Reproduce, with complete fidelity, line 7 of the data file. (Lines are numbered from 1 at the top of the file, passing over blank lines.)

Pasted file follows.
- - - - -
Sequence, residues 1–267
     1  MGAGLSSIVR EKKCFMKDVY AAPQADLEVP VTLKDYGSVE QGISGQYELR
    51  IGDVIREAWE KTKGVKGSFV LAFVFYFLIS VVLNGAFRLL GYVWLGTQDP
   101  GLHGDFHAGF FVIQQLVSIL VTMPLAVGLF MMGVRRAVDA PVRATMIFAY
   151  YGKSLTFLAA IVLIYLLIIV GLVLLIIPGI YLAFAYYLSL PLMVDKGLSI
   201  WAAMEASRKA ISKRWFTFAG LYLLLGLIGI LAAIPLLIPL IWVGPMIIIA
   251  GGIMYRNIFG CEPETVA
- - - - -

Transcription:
   251  GGIMYRNIFG CEPETVA